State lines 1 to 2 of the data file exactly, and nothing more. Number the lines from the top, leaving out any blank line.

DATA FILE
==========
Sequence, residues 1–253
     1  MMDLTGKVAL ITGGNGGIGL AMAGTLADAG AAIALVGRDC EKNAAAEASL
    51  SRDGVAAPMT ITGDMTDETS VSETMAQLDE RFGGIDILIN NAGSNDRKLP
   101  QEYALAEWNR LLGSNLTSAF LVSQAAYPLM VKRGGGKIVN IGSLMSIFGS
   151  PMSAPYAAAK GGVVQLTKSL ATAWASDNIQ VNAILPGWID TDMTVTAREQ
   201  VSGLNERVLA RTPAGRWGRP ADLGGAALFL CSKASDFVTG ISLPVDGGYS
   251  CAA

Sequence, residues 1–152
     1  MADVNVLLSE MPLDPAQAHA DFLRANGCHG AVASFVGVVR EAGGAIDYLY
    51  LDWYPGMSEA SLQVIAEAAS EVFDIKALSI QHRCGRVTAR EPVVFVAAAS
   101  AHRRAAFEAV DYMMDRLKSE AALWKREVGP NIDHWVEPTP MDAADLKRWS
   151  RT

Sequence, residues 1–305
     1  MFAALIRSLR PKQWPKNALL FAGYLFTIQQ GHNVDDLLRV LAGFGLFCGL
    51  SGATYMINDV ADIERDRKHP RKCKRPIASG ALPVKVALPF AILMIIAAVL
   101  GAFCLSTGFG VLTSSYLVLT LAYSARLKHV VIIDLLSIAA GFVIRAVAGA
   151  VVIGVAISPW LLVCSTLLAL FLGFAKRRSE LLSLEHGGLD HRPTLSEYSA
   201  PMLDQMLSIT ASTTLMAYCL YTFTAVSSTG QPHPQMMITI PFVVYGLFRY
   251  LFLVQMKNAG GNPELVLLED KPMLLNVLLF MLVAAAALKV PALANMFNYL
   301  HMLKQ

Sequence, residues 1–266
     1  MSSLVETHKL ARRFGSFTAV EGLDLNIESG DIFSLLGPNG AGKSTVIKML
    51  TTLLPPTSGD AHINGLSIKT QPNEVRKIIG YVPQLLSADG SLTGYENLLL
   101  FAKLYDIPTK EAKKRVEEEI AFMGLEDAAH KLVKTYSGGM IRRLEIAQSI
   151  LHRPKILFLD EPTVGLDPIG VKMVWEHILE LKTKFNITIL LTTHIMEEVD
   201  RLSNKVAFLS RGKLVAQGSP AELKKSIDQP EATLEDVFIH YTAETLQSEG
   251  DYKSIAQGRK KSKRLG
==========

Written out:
Sequence, residues 1–253
     1  MMDLTGKVAL ITGGNGGIGL AMAGTLADAG AAIALVGRDC EKNAAAEASL